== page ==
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Spear-phishing targets healthcare

Philadelphia is not only the City of Brotherly Love, but it’s also the name of a new variance of ransomware that is wreaking havoc in the healthcare industry by crippling computer operating systems.

Mr. Anthony“As with all ransomware, Philadelphia is generally associated with phishing and spear-phishing campaigns,” says Matt Anthony, vice president of Incident Response at the Herjavec Group, a global managed security service company, based in Los Angeles. 

“Philadelphia is mostly distinguished by being part of a family that we would call 'ransomware-as-a-service',” Mr. Anthony tells Cosmetic Surgery Times. “This means that anyone can go to a website on the ‘dark’ web, which is the alternate, more private and secretive set of sites on the internet, usually accessed through a specialized browser. Once there, you can pay a fee to the authors of this service to download software. Then, as an amateur or extremely low-skilled person, you have access to the ransomware software.”

Such ransomware is “insidious in a way,” according to Mr. Anthony, “because it magnifies the capability of ransomware distributors and creates a profit stream on the back-end for creating the infrastructure to collect and distribute payments and reduces the need to author, or create your own, ransomware to enter the game.”

The ransomware usually infiltrates a healthcare organization through an email to an employee. The email typically looks legitimate and trustworthy, along with a link to click. “In healthcare, the link might be to a patient’s healthcare records associated with a patient transfer or an inquiry to a doctor with a link to a pharmaceutical company,” Mr. Anthony says.

Once the employee clicks the link, a piece of software is downloaded to their computer. The software will encrypt files on the user’s local drive and any network drive that can be gleaned from the computer.

Next, a notice appears on the computer screen that encryption has occurred and that the files are no longer available to the healthcare organization. Instructions are also provided on how to pay a ransom to recover all compromised files and operating systems.

Mr. Anthony says ransom amounts typically range from $500 to $3,000.

Healthcare is being targeted because it is viewed as a “high willingness to pay, due to the urgency of access to the records,” Mr. Anthony says. “There is also a suggestion that healthcare as a sector is more vulnerable than other sectors at this time. There may be weaker training or weaker protocols concerning information sharing, so there is a higher than usual likelihood that those employees will click.”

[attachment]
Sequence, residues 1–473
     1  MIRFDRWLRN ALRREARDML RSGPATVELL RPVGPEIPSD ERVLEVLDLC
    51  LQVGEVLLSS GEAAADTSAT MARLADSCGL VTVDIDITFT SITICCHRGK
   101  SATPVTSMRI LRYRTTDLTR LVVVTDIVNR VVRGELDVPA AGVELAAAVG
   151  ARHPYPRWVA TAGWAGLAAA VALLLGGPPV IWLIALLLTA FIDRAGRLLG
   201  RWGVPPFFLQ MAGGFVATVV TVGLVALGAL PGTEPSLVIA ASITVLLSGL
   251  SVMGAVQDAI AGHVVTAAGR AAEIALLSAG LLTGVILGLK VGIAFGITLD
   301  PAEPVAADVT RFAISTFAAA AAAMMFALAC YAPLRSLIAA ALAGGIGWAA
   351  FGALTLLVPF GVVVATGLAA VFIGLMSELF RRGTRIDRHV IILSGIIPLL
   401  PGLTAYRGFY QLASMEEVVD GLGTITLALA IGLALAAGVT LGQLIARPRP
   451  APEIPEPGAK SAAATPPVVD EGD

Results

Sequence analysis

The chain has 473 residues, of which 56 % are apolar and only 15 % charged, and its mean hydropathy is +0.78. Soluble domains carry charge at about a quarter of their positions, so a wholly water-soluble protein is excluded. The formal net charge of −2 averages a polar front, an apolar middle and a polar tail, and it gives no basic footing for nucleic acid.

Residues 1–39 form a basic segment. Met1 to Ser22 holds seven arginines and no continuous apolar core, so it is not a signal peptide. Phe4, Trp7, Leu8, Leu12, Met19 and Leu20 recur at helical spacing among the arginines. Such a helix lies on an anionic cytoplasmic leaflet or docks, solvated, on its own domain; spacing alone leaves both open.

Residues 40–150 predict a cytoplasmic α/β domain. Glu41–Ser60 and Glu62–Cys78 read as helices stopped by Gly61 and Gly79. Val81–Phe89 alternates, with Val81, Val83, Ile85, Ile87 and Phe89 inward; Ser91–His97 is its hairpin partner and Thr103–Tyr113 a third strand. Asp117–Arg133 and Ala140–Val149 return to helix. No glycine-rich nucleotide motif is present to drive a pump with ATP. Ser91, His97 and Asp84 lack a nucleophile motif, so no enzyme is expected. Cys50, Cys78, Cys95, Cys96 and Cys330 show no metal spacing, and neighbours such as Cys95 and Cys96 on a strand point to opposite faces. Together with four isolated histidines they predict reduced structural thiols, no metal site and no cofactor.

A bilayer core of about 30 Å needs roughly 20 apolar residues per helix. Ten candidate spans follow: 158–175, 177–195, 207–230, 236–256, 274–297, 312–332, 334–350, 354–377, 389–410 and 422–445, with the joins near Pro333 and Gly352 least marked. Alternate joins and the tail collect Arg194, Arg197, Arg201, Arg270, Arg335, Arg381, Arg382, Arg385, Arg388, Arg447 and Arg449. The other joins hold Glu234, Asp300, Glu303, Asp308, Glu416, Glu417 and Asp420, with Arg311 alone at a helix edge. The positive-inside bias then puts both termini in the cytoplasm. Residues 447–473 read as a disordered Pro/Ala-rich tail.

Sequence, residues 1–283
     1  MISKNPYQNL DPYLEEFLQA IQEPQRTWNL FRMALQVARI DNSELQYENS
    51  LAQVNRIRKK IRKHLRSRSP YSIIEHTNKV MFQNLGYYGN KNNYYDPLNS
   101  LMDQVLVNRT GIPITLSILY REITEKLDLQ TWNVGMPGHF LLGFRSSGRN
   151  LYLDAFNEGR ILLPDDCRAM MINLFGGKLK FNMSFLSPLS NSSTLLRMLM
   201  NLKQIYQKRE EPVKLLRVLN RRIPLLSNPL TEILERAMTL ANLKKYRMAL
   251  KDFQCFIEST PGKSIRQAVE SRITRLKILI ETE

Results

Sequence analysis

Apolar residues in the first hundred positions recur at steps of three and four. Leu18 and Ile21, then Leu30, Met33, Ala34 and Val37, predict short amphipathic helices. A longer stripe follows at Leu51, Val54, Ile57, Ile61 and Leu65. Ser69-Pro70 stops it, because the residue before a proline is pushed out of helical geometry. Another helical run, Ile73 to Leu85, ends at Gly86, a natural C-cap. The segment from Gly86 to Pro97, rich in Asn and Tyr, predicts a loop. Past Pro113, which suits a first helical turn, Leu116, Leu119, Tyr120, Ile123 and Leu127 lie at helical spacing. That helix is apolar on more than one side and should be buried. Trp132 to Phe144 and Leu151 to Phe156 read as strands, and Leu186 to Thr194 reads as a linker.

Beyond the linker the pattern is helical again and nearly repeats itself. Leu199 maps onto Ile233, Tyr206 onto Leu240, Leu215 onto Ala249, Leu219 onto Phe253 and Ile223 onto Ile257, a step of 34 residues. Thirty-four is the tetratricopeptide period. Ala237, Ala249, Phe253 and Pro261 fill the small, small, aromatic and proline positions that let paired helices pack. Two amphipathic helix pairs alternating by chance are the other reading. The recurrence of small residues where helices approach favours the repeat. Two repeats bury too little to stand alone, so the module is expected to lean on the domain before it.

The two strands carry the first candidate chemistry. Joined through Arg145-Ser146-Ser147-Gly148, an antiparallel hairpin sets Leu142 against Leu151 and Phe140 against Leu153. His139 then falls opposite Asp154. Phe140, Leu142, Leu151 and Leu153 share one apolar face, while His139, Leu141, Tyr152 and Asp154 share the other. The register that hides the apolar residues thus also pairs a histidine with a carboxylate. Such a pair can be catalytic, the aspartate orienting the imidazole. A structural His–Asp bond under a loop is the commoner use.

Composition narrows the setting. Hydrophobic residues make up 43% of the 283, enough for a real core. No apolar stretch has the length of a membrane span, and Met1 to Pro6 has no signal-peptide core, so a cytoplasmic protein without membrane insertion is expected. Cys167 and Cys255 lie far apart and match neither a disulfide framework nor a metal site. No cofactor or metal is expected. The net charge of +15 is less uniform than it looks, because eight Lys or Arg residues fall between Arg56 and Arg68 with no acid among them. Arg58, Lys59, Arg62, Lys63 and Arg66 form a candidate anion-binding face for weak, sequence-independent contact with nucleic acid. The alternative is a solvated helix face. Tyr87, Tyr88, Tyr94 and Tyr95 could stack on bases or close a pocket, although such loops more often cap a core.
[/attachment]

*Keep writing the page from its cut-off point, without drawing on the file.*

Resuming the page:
Fortunately, it is unlikely that any information will be exported or taken away from the organization, such as electronic medical records (EMRs) or a health information management system. Encryption is normally limited to user files like Word documents, Excel spreadsheets and databases.

Also, Philadelphia ransomware appears to have an effective, free decryptor tool. “It is nice when ransomware is engineered poorly enough that free decryptors are available,” Mr. Anthony says.

Ms. AndersonDenise Anderson, president of the National Health Information Sharing and Analysis Center, says that ransomware hackers seek out entities that have a particular vulnerability or set of vulnerabilities in their environment. “These hackers detect vulnerable systems by scanning the internet; or by using the search engine Shodan, which reveals devices connected to the internet,” she says.

NEXT: Tips to Avoid Compromise

 

Tips to Avoid Compromise

To avoid being compromised, healthcare organizations need to follow good basic cyber hygiene practices. “One best practice is to keep systems up-to-date and patched to the latest version for increased security,” says Ms. Anderson.

Another good best practice is to apply the principle of least privilege, which limits administrator rights to a very select few in the organization and gives users the lowest level of rights needed to perform their jobs.

Employees also need to be educated about not accessing emails from sources they are not familiar with and not clicking links and attachments within those emails.

“Whitelisting email addresses contained in spam filters is absolutely effective and allows email to be safely accepted by the recipient,” Ms. Anderson says.

Moreover, there are email authentication protocols like DMARC, which tags the veracity of an email at the internet service provider (ISP) level.

Another potential risk is an employee himself. “Every organization is vulnerable to insider threats, so organizations should conduct appropriate background checks and ensure that employees are vetted,” Ms. Anderson says.

Healthcare should also think of cybersecurity from an enterprise risk management perspective. “You need to look at everything within an environment and decide what the risk, likelihood and level of impact is,” Ms. Anderson says. “An organization should look to protect its 'crown jewels' first, and then develop a strategy from there.”

The recent WannaCry ransomware attacks in Europe and elsewhere on May 12, which affected many entities, including the National Health System (NHS) in the United Kingdom, demonstrate that all organizations, including healthcare, need to be vigilant, according to Ms. Anderson.

“Ransomware is disruptive to operations, but can also have lasting financial and reputation impacts. Therefore, organizations not only need to have contingency plans tested, exercised and in practice, but they need to try to be in the position where they are not impacted in the first place,” she says. ​

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